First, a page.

Tumor Necrosis Factor Inhibitor-Induced Psoriasis in a Pediatric Crohn’s Disease Patient Successfully Treated with Ustekinumab

March 2020 | Volume 19 | Issue 3 | Case Reports | 328 | Copyright © March 2020

Published online February 21, 2020

Lauren Bonomo MD,a Ellen H. de Moll MD,b Linden Li,b Lauren Geller MD,b Michael I. Gordon DO,c David Dunkin MDd

aIcahn School of Medicine at Mount Sinai, New York, NY bDepartment of Dermatology, Icahn School of Medicine at Mount Sinai, New York, NY cNova Southeastern University College of Osteopathic Medicine, Davie, FL dDepartment of Pediatric Gastroenterology, Icahn School of Medicine at Mount Sinai, New York, Nd

Background: Tumor necrosis factor (TNF) inhibitors are widely used in pediatric patients with inflammatory bowel disease, as well as psoriasis. However, there is growing evidence that these medications can also paradoxically induce a psoriasiform skin reaction in a subset of patients.
Goals: We seek to share our experience in treating severe TNF inhibitor-induced psoriasis in a pediatric patient with Crohn’s disease.
Study: We report a case of a 10-year-old female with Crohn’s disease, who developed psoriasis after twelve months of infliximab therapy. Her skin disease was recalcitrant to topical therapies, methotrexate, and phototherapy.
Results: The patient was transitioned to ustekinumab with significant improvement in her symptoms and maintenance of remission of her bowel disease.
Conclusion: This is the first reported case of a school-age pediatric patient with TNF inhibitor-induced psoriasis treated with ustekinumab. Controlled trials are warranted to fully assess the safety and efficacy of ustekinumab for treating TNF inhibitor-induced psoriasis in the pediatric population.

J Drugs Dermatol. 2020;19(3): doi:10.36849/JDD.2020.2106


Case Synopsis: A 10-year-old female with a history of Crohn’s disease (CD) presented with a rash on her scalp and trunk and associated hair loss for several months. She had tried over the counter salicylic acid shampoo, ketoconazole shampoo, and topical corticosteroids without improvement. The rash was painful and she had begun to have hair loss as well. She was diagnosed with Crohn’s disease at the age of 6 when she presented with abdominal pain and erythema nodosum bilaterally on her shins. She developed watery diarrhea, fevers, and weight loss soon after that. She was initially treated with prednisone as a bridge to mercaptopurine. She was well until a year later when she had elevated liver function tests and pancytopenia likely due to mercaptopurine. She was then switched to infliximab with good control of her gastrointestinal symptoms, normalization of her labs and mucosal healing on endoscopies. She was well for twelve months prior to the development of any rashes. Family history was negative for psoriasis but positive for a father with Crohn’s disease.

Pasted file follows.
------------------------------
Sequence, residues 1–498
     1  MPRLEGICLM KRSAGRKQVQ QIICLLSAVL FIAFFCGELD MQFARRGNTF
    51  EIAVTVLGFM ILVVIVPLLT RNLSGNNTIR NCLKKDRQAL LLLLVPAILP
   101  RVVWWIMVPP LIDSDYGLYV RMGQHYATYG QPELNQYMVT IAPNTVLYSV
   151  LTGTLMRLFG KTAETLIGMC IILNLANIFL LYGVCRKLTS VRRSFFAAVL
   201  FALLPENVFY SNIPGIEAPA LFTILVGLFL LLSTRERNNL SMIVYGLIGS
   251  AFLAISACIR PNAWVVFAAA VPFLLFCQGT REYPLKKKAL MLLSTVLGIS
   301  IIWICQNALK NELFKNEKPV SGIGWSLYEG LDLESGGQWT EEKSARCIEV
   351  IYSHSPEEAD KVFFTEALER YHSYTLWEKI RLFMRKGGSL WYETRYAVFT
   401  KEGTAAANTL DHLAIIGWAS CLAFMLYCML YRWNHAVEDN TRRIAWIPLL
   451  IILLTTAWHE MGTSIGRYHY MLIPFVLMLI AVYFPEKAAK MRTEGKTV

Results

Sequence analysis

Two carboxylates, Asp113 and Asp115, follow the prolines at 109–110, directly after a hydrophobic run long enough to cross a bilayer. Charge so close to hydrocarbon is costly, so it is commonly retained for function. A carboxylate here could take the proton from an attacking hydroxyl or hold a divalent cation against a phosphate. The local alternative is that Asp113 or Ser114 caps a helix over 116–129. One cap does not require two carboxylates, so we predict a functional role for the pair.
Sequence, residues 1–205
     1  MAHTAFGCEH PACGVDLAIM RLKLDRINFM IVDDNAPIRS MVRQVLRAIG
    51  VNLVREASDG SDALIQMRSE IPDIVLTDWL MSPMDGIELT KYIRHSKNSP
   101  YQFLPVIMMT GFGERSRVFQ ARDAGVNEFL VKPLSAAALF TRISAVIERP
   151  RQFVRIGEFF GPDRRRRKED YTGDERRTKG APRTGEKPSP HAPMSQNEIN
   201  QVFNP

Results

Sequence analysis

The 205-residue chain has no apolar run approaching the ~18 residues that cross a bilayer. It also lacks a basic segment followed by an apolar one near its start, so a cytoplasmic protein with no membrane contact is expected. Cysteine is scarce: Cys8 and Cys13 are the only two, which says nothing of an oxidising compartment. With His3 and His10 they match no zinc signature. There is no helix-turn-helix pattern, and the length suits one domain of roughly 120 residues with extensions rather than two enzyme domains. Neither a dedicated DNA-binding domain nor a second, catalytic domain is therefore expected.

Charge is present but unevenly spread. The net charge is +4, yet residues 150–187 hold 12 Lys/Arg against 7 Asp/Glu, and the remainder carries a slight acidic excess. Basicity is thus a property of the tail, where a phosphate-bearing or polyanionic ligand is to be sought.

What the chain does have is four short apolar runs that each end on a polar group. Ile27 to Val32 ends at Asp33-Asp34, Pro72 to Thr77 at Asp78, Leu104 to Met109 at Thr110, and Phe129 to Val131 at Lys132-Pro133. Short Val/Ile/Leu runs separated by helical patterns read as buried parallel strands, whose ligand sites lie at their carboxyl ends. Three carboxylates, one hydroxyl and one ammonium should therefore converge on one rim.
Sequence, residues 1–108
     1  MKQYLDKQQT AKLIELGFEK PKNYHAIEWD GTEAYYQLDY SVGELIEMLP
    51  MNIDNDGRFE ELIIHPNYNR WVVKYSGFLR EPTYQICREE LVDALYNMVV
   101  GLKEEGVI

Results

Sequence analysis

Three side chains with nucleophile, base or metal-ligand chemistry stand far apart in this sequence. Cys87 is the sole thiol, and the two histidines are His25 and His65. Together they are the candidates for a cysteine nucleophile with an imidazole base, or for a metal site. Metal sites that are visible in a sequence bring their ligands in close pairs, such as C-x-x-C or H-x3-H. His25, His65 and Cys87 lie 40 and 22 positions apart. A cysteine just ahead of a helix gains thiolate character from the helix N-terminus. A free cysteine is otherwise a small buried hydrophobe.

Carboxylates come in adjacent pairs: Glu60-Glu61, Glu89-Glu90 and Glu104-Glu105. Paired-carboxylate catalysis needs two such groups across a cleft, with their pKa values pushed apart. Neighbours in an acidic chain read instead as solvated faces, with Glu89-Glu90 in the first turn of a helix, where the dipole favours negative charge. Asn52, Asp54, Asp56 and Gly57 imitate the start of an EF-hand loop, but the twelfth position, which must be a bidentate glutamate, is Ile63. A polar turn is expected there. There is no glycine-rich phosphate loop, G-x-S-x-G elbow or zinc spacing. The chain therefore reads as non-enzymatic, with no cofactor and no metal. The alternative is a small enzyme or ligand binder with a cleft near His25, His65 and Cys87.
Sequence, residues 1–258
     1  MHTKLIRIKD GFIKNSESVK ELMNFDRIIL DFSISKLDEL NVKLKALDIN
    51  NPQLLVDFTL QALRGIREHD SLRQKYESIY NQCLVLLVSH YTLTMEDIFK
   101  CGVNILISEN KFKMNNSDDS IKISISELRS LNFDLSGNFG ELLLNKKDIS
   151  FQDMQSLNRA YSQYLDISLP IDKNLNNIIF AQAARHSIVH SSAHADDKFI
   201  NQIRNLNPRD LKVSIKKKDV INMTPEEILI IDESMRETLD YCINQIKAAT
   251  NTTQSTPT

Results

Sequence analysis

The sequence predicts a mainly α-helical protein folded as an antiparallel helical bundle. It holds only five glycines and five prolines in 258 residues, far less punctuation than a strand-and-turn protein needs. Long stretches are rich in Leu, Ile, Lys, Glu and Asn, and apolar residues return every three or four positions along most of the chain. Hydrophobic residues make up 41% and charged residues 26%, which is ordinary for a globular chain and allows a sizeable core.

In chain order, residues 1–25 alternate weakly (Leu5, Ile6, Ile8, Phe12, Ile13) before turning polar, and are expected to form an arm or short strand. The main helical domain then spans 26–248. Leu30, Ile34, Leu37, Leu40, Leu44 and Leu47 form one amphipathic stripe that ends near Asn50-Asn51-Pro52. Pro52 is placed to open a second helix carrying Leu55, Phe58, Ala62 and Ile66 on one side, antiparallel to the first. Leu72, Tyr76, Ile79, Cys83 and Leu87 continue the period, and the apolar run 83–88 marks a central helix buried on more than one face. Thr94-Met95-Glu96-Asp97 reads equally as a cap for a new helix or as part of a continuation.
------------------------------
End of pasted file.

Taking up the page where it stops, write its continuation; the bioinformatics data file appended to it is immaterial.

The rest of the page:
On physical exam, she had erythematous scaly plaques on the scalp, upper chest, and back. She also had patches of alopecia on her posterior scalp. The clinical findings were consistent with psoriasis, and given her history, it was thought to be most likely tumor necrosis factor (TNF) antagonist-induced. She was started on fluocinonide 0.05% solution for the scalp and triamcinolone 0.025% ointment for the trunk twice daily for two weeks. After two weeks, minimal improvement was noted with these topical medications so weekly oral methotrexate was added to her regimen. However, after four weeks of methotrexate, the patient’s skin disease had worsened, with new psoriatic plaques of the face, ears, neck, trunk, and bilateral upper and lower extremities and worsening alopecia (Figure 1). The decision was then made to transition her from infliximab to ustekinumab, with the goal of simultaneously treating both her Crohn’s disease and psoriasis. While awaiting insurance approval for ustekinumab she also started narrowband ultraviolet (NBUVB) phototherapy.

The patient received an induction dose of ustekinumab 260 mg IV and then transitioned to a maintenance dose of ustekinumab 90 mg subcutaneously every 8 weeks while continuing methotrexate 10mg orally once a week and NBUVB phototherapy twice weekly. Within 8 weeks, the psoriatic plaques on her trunk and extremities had almost completely resolved with a